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Tuesday, May 30, 2023

Cape May to Atlantic City, anchor

OMG I'm exhausted. This was one of the most stressing days I've had on the water.

Early on Russ realized some bridges may not open due to the high winds. He called Sea Tow, asking for some local knowledge. They told us it was skinny but, if you stay in the channel, we'd be fine. So, we ventured out.

The winds were 25 to 40 knots most of the day (bad thing). But since it came from the east it blew in about 3 feet of water, which created more depth on this very skinny piece of waterway (good thing!).

A good portion of the day was marshy,
much like Georgia or the Carolinas.
The wind did not create huge waves given it's intensity (good thing) but made standing station and correcting "navigational issues" fairly difficult (bad thing!).

Hm. "Navigational issues." Care to explain, Jax?

Typically we use Navionics to make us a route. We may or may not follow it depending on what we know about the waterway (like Bob's route says to hug that red, for example). It was a constant struggle to get Navionics to plot us a route at all. It seriously hated the JICW. We'd plot a waypoint 1 mile out, it would chart a way. We'd add another 1 mile from that, it would chart a way. Add one more... nope! OUTSIDE YOU GO! We plotted a path in small increments, swapping between our tablet and 2 phones to have just some idea of where we needed to go.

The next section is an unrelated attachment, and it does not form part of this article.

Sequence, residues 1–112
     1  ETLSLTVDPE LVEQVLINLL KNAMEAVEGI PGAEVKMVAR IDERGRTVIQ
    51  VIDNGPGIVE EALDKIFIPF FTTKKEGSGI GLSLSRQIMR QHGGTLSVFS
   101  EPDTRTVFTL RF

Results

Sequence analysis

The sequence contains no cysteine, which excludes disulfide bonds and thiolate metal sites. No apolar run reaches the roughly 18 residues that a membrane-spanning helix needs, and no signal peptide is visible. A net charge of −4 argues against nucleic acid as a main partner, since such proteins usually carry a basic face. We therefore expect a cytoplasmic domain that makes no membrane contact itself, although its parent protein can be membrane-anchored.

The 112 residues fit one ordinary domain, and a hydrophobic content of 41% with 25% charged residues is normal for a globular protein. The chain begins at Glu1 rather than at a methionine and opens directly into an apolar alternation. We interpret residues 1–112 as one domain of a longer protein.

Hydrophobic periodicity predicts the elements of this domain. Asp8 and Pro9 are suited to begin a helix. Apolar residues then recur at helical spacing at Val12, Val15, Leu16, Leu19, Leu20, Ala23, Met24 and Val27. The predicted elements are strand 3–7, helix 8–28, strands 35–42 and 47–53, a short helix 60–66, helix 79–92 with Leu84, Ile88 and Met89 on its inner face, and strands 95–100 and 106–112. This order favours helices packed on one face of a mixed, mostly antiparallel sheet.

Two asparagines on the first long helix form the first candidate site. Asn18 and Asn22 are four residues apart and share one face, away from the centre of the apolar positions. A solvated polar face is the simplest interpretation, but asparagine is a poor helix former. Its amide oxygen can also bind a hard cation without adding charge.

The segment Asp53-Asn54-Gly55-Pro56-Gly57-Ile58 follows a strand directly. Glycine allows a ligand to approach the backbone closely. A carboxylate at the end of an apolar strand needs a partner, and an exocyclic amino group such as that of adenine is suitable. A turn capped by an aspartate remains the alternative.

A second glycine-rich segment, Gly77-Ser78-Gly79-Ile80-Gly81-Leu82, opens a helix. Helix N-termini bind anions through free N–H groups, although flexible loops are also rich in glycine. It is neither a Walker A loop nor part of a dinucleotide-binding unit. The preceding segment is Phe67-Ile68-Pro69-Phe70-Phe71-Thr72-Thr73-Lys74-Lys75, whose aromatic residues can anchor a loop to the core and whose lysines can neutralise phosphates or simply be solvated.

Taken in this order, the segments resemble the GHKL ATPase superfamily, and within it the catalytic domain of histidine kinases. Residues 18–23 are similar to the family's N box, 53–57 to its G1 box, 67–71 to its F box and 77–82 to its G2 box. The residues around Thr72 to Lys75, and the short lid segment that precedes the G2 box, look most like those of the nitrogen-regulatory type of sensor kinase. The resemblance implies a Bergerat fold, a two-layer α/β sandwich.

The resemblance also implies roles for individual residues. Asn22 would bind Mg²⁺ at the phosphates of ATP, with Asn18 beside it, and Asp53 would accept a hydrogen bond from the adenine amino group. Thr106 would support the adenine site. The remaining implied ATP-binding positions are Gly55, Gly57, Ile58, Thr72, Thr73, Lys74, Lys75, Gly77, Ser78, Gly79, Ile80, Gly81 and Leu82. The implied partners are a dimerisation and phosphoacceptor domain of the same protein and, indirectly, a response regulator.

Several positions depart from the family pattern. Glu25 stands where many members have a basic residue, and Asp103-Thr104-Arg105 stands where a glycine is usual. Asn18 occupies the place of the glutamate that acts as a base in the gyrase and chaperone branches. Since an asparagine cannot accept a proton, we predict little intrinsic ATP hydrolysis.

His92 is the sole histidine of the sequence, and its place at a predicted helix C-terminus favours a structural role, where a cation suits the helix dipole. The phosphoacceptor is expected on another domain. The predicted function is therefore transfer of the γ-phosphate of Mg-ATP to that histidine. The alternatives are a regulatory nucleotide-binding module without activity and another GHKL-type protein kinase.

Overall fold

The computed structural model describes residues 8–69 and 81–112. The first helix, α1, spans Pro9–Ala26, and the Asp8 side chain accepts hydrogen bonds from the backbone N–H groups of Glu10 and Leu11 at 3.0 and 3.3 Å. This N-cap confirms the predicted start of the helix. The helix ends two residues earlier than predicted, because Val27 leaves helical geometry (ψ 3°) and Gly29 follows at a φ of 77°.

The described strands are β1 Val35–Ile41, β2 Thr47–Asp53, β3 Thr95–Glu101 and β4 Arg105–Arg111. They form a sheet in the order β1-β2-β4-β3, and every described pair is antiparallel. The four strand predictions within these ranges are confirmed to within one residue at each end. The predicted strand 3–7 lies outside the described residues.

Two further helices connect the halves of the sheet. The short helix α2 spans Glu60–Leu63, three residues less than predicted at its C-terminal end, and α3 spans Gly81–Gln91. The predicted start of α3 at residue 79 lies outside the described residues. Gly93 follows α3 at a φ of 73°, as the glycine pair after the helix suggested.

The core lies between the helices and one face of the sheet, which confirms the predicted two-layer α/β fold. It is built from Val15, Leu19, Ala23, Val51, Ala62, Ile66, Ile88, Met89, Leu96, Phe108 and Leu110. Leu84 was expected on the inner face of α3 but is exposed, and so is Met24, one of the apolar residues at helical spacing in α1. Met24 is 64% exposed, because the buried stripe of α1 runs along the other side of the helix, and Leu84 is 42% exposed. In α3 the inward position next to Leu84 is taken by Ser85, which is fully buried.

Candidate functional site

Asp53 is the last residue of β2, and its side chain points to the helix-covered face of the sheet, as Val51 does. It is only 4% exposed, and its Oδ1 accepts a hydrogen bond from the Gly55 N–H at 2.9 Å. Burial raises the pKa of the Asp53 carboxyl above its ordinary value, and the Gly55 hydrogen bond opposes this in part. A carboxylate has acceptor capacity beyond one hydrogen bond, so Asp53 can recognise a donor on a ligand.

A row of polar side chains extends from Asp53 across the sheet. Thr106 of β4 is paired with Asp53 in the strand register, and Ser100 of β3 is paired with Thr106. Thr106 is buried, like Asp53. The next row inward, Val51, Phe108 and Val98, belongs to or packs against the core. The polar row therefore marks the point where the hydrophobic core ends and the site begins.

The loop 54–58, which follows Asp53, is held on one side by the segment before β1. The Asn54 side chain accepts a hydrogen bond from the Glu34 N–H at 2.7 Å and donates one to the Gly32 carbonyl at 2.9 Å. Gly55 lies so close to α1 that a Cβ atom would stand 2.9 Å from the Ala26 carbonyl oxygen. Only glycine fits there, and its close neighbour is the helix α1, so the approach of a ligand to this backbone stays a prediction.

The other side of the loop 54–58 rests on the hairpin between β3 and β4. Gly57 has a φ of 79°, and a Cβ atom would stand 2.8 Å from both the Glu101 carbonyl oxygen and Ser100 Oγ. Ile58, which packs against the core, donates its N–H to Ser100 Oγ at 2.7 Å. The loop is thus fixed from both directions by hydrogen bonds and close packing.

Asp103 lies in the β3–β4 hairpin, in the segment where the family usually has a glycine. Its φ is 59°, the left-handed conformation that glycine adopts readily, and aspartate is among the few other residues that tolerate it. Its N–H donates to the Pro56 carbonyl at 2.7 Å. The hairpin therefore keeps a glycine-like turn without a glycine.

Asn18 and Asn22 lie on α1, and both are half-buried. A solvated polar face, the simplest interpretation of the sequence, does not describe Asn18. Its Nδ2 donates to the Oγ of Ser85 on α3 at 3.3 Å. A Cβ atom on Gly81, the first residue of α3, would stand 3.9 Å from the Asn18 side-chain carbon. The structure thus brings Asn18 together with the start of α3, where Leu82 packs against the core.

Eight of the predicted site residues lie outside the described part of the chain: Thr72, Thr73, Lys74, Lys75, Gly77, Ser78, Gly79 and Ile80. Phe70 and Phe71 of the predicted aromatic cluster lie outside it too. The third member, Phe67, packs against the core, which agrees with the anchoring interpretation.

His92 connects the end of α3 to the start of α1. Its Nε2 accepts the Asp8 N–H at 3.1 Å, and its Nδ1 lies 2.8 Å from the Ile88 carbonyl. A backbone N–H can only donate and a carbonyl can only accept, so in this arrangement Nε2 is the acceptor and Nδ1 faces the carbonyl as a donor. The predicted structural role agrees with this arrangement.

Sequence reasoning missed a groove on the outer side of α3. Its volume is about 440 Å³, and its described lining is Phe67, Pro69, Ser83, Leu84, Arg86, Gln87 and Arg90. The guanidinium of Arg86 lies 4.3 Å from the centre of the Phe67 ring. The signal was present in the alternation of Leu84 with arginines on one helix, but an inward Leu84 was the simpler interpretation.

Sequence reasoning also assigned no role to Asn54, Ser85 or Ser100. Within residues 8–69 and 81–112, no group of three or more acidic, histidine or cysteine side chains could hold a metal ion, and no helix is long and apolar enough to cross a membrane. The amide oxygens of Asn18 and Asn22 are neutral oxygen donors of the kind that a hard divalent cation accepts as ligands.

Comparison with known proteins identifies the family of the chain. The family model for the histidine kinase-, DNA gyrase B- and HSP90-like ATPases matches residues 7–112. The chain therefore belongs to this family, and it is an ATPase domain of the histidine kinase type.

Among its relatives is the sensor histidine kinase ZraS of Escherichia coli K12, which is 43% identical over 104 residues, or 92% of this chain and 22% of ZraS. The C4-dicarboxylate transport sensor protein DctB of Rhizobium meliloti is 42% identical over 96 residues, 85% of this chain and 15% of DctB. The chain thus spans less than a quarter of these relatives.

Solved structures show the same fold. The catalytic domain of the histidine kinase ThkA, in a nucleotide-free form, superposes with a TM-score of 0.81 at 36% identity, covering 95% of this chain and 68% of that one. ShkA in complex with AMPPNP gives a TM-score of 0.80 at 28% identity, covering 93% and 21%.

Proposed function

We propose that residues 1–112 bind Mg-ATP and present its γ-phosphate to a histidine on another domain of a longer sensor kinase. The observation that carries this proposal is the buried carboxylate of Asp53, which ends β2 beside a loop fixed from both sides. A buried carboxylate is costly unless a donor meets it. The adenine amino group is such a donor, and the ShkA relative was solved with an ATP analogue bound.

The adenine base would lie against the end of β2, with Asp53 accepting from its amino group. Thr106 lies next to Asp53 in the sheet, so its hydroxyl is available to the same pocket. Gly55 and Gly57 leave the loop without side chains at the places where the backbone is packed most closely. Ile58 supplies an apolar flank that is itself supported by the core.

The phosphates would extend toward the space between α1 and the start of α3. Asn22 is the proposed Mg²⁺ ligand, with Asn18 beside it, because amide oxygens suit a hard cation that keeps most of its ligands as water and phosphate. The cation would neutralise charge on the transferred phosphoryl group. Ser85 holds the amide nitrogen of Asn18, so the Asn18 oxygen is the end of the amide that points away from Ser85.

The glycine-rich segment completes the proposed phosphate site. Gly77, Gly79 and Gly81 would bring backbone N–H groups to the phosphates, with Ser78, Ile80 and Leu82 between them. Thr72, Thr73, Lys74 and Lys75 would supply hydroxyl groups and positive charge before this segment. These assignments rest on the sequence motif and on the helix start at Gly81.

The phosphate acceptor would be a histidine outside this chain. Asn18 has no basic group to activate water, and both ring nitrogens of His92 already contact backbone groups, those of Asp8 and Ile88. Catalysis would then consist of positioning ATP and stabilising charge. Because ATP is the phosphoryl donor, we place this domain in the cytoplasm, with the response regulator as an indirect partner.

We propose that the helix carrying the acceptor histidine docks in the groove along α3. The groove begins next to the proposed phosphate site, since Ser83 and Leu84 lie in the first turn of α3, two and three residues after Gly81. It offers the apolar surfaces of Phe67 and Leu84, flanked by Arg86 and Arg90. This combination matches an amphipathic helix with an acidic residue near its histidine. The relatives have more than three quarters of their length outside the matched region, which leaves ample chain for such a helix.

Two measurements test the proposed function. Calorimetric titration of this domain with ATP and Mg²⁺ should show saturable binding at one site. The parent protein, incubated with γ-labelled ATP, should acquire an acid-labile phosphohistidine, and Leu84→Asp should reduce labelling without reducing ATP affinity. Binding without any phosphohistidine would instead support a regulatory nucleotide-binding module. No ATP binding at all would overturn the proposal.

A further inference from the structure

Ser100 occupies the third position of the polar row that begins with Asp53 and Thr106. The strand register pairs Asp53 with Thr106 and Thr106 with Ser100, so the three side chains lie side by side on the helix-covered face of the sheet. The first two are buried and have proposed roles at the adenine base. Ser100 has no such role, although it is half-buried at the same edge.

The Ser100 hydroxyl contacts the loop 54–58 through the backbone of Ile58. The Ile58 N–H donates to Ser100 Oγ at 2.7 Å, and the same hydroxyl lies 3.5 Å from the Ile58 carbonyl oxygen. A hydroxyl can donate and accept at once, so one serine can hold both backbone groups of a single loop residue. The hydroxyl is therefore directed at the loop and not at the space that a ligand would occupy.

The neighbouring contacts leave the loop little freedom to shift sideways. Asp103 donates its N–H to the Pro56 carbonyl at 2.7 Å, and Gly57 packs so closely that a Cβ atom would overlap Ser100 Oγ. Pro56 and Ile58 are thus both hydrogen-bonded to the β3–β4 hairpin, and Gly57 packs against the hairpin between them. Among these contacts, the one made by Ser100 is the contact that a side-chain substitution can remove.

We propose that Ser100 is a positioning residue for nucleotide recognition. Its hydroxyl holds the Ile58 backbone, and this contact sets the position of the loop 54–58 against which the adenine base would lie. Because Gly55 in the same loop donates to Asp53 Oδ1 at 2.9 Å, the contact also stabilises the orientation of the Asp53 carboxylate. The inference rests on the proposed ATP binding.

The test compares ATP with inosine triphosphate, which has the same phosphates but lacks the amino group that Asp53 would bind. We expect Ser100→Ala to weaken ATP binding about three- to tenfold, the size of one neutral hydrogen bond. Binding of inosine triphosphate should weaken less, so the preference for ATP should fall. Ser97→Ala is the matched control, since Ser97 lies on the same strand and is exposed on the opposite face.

Most of the day I followed the sail line on AquaMaps while eyeing the sonar depth on Navionics (which, by the way, Navionics doesn't use, otherwise it would be happy plot me a path). Every now and again we'd have to slow or stop while we double check our position, the sail line, and where the channel was supposed to be. All while being blown out of whatever channel we had. 

Once we backed up, changing our minds. 

Wait! The channel goes to the right!!

Once we "had a discussion" about weather to follow the sail line or the channel markers. 

I really hate it with the sailing line and the channel
do not agree on where to go.

Once we hailed High Tide behind us, "We think we missed the turn and the inlet looks rough." "Would the inlet be faster?" "Yep." "We're good for that!" So we did that.

Going through the inlet reaffirmed why we were doing 
THIS and not THAT!

The shallowest we had was under 2 feet. That only lasted 10 yards. More importantly, it was also very thin, with channels (and bridge openings) not much wider than our boat.

Near AC there were lots of channels between
neighborhoods, and bridges that needed to be
For future boaters, the Navionics sonar was very accurate. That was encouraging.

Needless to say the level of concentration we used today made it exhausting.

Oh, I almost forgot. The starboard engine worked just fine!

Finally! Atlantic City!

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